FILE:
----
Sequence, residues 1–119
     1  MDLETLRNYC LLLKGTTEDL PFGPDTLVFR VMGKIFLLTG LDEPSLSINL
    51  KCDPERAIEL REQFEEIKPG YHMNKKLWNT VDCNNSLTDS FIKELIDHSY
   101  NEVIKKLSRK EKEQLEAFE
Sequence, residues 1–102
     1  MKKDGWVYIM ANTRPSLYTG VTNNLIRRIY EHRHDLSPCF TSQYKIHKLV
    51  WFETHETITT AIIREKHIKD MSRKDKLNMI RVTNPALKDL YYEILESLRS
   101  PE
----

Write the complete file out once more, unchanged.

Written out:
Sequence, residues 1–119
     1  MDLETLRNYC LLLKGTTEDL PFGPDTLVFR VMGKIFLLTG LDEPSLSINL
    51  KCDPERAIEL REQFEEIKPG YHMNKKLWNT VDCNNSLTDS FIKELIDHSY
   101  NEVIKKLSRK EKEQLEAFE
Sequence, residues 1–102
     1  MKKDGWVYIM ANTRPSLYTG VTNNLIRRIY EHRHDLSPCF TSQYKIHKLV
    51  WFETHETITT AIIREKHIKD MSRKDKLNMI RVTNPALKDL YYEILESLRS
   101  PE